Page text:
“We gave you this life,” the man said. “And we only asked for one thing in return. Loyalty. Since it is clear that that is something that you cannot provide, we have no choice but to take your life back.”

“What? No. You got the wrong guy.”

“Good luck, Jacob.”

“Wait. No. No. Please,” you beg, but it is too late. The caller has already hung up. “Shit!” you yell, throwing your phone to the ground. “Shit! Shit! Shit!” With each profanity, you stomp on your phone. It’s a nice droid you just got for your birthday. But that doesn’t matter to you. You knew you would have to get rid of your phone so that you couldn’t be found. You were just hoping the kidnappers would call you before you had to trash the droid so that you could get them whatever they wanted.

But now you see that they don’t want anything but to destroy you. You have to go about things differently. You need a computer. You have to forge your own credit cards. You have no time to do that before the cops get smart and run a trace on your credit cards and other electronic transactions. You start putting pieces together of a plan that, while you have no guarantee it will work, it definitely beats standing out in the cold hoping these bastards would learn some mercy.
Ignoring the hunger pang in your stomach, and the throbbing in your head that had yet to subside after you took the Aleve, you hail a cab instead of going inside the café to eat. Time was not on your side and you had to do this quickly. You would be able to eat the hotel, once you got your identity settled.

You go to the bank to close your accounts. When they ask you why you’re leaving them after 10 years, you say you’re moving to another state and need the cash for the road trip. You are young and childless so they buy the story. “However, you have over $200,000 in this account. We, unfortunately, are not allowed to give that much in cash,” the bank representative tells you.

You manage to not cringe visibly, and nod. “That’s okay,” you lie. “I’ll take the most you can give me in cash in cash, then the rest I will take on a debit card.”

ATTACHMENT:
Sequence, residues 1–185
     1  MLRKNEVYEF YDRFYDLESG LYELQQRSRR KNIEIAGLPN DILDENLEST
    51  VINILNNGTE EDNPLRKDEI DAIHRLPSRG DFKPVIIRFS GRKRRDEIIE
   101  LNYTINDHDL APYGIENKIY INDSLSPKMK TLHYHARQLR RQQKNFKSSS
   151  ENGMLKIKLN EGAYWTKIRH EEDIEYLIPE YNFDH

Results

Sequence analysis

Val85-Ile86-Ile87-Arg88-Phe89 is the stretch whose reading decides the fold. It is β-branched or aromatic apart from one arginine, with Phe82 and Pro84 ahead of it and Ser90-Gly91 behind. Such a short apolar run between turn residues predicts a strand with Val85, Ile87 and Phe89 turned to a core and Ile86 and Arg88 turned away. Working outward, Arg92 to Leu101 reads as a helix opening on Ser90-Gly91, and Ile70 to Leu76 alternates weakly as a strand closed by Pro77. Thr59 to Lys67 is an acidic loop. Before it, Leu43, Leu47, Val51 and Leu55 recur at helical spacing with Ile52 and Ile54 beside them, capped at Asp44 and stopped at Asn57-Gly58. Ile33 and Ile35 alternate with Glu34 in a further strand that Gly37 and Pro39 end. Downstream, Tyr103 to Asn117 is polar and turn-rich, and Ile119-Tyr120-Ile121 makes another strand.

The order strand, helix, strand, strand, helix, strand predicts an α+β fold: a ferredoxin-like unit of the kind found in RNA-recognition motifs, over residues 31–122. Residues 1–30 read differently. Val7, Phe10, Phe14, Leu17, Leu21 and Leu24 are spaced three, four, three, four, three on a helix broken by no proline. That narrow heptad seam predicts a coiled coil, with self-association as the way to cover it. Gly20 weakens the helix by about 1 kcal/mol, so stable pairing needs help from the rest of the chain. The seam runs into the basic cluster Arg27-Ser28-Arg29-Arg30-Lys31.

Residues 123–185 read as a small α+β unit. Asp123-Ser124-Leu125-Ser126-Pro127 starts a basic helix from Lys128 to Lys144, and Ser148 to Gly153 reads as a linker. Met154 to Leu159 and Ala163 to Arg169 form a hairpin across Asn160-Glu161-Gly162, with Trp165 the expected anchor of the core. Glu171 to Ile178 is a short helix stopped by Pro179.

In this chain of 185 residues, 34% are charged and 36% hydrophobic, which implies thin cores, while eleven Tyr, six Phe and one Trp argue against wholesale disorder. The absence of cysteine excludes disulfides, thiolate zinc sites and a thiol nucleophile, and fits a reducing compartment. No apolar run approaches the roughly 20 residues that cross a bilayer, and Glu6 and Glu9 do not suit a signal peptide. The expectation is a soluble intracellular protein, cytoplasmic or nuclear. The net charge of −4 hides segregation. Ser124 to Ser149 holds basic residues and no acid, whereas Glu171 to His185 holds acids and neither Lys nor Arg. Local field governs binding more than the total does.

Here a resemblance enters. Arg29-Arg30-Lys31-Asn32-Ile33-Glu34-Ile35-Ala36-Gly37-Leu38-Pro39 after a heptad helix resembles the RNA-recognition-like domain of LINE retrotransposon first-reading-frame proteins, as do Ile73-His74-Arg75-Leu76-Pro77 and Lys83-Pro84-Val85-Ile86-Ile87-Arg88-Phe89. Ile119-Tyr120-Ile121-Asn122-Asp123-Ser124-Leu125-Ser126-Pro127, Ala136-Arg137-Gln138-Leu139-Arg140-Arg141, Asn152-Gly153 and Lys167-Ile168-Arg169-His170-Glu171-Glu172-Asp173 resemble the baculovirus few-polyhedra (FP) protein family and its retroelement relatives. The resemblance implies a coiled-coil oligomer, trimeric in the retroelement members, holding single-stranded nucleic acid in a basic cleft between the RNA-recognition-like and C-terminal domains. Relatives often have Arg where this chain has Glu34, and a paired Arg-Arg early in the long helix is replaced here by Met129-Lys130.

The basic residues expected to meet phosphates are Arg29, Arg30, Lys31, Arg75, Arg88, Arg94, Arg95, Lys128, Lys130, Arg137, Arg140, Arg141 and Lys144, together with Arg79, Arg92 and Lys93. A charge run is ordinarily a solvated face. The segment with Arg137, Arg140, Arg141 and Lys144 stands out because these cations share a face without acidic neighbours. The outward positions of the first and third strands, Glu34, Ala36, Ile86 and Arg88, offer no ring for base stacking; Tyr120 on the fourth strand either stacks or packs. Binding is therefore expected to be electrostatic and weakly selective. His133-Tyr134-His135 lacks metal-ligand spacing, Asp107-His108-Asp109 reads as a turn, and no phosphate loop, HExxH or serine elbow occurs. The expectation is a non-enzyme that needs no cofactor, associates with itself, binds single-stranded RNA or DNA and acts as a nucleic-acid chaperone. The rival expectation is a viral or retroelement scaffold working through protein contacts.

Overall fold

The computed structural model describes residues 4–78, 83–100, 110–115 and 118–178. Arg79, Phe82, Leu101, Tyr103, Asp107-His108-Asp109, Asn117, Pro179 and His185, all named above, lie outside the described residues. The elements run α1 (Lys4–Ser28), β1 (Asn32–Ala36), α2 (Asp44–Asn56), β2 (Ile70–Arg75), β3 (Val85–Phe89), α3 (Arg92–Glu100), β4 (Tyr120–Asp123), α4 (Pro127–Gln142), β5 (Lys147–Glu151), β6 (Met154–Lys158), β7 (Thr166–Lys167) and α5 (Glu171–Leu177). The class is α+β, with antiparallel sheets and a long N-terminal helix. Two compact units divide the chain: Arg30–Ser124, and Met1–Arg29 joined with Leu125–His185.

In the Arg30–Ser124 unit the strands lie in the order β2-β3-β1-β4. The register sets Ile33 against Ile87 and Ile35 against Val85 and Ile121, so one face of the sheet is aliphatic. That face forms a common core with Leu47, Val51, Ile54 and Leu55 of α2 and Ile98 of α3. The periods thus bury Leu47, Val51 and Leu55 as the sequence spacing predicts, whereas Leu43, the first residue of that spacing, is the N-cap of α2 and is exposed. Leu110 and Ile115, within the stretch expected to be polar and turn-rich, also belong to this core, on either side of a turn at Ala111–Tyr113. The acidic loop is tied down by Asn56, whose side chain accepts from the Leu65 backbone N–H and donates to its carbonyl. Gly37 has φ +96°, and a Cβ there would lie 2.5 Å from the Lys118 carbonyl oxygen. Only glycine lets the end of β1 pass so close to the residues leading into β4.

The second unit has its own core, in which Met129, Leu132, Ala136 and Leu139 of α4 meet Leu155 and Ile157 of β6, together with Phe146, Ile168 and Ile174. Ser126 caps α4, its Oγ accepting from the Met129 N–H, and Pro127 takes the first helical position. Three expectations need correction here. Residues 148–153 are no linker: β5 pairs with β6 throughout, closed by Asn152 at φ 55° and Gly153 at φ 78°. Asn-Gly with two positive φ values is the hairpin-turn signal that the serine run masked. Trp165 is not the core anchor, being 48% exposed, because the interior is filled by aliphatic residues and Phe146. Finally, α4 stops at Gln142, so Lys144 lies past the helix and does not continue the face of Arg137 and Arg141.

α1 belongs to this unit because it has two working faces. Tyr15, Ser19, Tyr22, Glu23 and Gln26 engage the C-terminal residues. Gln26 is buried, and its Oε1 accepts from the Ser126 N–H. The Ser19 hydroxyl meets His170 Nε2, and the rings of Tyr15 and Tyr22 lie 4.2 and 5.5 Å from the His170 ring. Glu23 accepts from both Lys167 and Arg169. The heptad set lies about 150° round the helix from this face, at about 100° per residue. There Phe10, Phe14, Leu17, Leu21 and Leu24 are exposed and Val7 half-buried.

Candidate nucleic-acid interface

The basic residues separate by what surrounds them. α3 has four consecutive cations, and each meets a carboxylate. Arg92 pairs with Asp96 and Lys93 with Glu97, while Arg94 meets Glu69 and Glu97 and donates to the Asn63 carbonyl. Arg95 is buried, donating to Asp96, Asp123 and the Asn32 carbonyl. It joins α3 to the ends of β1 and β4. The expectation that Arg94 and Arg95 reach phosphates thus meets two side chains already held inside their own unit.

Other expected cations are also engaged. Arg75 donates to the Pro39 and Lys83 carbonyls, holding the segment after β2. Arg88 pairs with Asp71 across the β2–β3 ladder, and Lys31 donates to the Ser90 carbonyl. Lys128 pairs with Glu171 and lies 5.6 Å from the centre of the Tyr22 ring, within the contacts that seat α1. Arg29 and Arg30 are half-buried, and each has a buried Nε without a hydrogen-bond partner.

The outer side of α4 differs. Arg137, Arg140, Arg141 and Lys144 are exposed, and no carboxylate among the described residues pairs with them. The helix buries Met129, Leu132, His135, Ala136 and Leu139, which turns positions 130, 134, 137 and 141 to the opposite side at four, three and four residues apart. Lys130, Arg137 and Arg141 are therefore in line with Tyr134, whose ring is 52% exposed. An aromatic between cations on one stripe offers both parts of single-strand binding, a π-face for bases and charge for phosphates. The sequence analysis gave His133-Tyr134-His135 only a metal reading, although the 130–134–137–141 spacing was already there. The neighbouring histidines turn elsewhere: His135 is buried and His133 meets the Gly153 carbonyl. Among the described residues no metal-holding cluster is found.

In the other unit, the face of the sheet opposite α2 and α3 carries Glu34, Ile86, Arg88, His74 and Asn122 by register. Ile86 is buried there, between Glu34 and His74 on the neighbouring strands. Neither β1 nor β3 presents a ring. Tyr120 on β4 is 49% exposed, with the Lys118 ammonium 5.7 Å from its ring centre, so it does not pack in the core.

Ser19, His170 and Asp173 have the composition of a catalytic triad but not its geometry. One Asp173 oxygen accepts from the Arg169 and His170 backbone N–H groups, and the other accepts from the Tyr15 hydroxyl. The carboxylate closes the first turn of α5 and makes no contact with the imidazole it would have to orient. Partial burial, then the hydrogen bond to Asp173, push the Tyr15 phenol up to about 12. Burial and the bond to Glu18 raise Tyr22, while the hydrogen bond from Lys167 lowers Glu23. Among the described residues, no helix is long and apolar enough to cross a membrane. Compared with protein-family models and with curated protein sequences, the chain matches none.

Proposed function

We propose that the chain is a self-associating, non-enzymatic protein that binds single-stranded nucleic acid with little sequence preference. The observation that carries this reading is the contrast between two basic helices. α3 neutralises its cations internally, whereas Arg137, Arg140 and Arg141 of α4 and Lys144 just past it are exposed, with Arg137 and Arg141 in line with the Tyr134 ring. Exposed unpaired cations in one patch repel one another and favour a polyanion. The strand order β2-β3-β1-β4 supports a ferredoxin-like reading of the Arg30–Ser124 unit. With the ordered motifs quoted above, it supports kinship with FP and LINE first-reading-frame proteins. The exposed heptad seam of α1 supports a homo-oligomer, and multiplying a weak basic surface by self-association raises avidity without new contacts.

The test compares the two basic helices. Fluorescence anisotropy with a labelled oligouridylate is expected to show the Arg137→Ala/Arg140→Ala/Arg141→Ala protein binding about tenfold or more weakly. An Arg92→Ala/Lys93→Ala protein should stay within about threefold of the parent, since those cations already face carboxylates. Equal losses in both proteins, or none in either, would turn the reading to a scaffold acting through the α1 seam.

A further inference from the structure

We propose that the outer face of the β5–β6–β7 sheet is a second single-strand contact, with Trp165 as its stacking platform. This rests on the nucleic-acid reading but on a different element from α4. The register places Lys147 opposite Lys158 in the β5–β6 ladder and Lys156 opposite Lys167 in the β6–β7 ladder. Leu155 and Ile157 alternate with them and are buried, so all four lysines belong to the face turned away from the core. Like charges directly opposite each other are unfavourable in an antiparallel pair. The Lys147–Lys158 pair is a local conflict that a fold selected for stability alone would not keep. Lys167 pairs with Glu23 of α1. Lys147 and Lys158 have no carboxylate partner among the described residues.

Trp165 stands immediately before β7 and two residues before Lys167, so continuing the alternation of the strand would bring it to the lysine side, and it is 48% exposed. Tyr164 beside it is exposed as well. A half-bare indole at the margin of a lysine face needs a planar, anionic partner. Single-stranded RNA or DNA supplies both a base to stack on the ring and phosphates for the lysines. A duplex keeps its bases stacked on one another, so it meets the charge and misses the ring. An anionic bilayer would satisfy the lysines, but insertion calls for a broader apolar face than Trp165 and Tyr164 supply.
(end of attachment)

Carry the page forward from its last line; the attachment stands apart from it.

She smiles and says that she will get her manager to finish up the paperwork. You smile politely as she leaves. You start tapping your fingers on the desk. You have only minutes before your everything is frozen. You can feel it. Or you may be paranoid. But you didn’t believe that for a millisecond. If that last phone call was any indication, you had forces more powerful than the police to contend with. They stole your wife, killed your cousin Joseph, there was no telling what else they were going to do to you.

Finally, the lady returns with her manager. He is all smiles and you are just waiting for him to give you some schpiel about why you should not close your account so that you could cut him off at the pass and get going.

“Hi, Mister Jacob,” the man says, with a big cheesy smile and holding out his hand like you want it. “My name is David. I understand that you are wanting to leave our bank. Is there anything we can to get you stay with us?”

“No. David. As I told Ms. Lindsey here, I am moving out of the state and will be…”

“Well, which state are you moving to?”


“Oh, well, we have…”

“I’m in a hurry, sir, so if we could please get this taken care of, I would appreciate it.”

David gives you a smile that conveys nine kinds of unpleasantness, before he says, “Of course, sir. Lindsey here will finish the paperwork.”

“Oh, well, I need you to sign these,” Lindsey tells David before David can make his get-away.

David gives Lindsey a pained grin as he takes the stack from her hands. David takes a pen out of his pocket-protector, clicks it open, and then proceeds to gloss over the top form before adding his John Hancock and date to the bottom of the page. David turns a few more pages, signs a few more forms, and then excuses himself. You almost feel bad for the guy. He is about to lose a high earning customer. It is going to suck to be him when David’s own bosses come calling. But hey, that was the breaks for guys who wanted to get to the top. Besides, after Hallam left the bank a few years ago, David had never once said hello to you or your wife.

The clock is ticking away, and not in your favor. You look at the clock. It’s been 20 minutes already since you entered the bank. You wonder had you walked in with a gun would you have gotten faster service. Hell yeah, you would have. But you would also end up having even more law trouble. Who needs that?